Sparrow WebGL Devlog 3: 2D Particles

Sparrow's first game, a new 2D particle system, and an interactive demo

09.05.2023 - 21:37
It's been a good week for my Sparrow WebGL engine. Last weekend, I used it for the first time to develop a game for Ludum Dare and this week, I worked on a new 2D particle system. In this devlog, I'm going to talk about some of the implementation details of the particle system and include an interactive demo of my particle editor.

2D Particles

Particles are a very important aspect of game engines and rendering frameworks. Fire, smoke, rain, snow, falling leaves, spell effects, and more are all done with particles. They are a great way to add ambiance and movement to an otherwise fairly static scene. Additionally, they are a lot of fun to implement because you can go crazy with the parameters to test the system.

Trying to find the limit of my poor Laptop's GPU:

There are many different methods of implementing particles. Unfortunately, WebGL doesn't support geometry shaders, which limits the options a bit. I decided to go with instanced rendering because it's a good middle ground: Flexible and reasonably fast while still being not too complicated to implement. If you aren't familiar with instanced rendering, it's a method to render many objects in a single draw call where the geometry of the object stays the same and only some parameters change for every instance. For example, you can use instanced rendering to draw hundreds or thousands of trees at different positions in a single draw call.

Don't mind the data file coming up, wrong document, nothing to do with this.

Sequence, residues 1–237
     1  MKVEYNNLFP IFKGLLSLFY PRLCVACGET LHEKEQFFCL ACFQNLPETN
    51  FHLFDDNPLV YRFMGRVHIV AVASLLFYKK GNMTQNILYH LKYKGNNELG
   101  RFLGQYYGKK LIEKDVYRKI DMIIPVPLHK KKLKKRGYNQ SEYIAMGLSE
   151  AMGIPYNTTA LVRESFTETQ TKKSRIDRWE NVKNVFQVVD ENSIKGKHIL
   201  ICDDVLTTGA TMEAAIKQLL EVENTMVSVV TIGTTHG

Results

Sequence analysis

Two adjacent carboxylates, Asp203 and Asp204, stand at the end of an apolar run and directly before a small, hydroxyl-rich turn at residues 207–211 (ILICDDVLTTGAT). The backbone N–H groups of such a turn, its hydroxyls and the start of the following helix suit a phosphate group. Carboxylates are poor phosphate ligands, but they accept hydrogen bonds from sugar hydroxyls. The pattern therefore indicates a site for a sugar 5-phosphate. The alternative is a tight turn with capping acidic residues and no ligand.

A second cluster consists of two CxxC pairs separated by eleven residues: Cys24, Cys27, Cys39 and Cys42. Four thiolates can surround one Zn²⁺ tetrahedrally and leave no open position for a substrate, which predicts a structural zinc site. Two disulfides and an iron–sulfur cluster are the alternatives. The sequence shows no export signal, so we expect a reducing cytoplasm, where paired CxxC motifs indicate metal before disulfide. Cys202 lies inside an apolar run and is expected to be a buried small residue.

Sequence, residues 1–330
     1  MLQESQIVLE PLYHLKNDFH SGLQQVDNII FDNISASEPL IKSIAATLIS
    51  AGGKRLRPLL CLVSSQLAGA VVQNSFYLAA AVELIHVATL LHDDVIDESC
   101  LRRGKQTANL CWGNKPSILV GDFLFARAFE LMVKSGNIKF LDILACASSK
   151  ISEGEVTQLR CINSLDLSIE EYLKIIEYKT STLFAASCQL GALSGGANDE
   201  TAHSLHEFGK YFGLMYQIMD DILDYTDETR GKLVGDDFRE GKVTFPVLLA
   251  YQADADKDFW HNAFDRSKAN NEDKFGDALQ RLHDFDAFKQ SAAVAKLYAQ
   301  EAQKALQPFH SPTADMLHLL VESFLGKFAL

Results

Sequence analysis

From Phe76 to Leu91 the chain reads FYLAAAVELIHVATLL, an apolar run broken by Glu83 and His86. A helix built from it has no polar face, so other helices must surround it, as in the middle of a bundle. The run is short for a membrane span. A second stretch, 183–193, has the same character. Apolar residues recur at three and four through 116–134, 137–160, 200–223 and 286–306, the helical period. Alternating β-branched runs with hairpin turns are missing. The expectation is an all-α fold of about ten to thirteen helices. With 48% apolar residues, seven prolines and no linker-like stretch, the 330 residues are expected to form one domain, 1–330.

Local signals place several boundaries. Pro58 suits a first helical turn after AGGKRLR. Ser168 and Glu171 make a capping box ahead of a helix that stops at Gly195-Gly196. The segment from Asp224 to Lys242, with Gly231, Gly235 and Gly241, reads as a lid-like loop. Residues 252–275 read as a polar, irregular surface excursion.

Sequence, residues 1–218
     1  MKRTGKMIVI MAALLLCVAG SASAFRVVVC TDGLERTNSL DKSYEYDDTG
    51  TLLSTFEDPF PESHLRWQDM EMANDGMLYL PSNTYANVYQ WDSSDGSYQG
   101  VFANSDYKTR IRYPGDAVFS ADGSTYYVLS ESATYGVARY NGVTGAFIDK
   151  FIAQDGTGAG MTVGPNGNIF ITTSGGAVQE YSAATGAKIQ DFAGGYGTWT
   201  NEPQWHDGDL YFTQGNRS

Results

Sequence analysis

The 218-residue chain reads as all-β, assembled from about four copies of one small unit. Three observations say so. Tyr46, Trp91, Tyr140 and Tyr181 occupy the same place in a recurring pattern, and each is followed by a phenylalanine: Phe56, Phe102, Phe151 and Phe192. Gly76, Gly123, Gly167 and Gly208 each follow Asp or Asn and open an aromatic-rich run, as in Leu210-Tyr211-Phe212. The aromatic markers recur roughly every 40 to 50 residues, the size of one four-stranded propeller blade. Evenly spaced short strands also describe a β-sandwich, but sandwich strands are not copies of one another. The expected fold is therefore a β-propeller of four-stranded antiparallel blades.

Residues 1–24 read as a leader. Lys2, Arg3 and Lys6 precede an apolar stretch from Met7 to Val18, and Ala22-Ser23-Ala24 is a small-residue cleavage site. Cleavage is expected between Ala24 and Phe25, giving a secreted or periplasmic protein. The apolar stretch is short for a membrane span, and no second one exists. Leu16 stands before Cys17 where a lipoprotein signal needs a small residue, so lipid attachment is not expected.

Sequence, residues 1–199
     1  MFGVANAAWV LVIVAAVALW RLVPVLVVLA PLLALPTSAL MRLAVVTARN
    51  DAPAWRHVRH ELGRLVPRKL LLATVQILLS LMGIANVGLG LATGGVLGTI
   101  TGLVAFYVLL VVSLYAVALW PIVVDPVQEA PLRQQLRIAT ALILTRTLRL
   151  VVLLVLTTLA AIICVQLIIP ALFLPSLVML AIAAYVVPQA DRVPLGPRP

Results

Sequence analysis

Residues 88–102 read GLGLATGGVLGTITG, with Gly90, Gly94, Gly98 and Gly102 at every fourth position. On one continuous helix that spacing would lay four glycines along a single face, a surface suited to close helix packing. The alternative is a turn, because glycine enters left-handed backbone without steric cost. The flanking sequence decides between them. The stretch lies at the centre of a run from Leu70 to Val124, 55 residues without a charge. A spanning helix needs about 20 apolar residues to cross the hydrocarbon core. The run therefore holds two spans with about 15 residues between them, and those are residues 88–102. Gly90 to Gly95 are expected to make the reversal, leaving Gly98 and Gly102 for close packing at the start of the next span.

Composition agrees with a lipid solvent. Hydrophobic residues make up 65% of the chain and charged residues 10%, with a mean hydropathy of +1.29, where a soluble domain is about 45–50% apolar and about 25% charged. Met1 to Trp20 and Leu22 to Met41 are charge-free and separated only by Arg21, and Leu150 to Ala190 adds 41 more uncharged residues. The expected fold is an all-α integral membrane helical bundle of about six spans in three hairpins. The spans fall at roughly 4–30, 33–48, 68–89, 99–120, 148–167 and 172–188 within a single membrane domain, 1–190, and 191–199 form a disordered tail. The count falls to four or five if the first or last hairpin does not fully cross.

For 2D particles, the geometry is very simple (a single quad) but it always stays the same, while the position and age of each particle are instanced. Besides draw calls, you always want to minimize the amount of data that is sent to the GPU every frame. Instead of updating the 4 vertices of the quad and the particle age for a total of 9 floats, we only have to update the position and the age for a total of 3 floats, which means even for this extremely simple geometry we only have to send one-third of the data.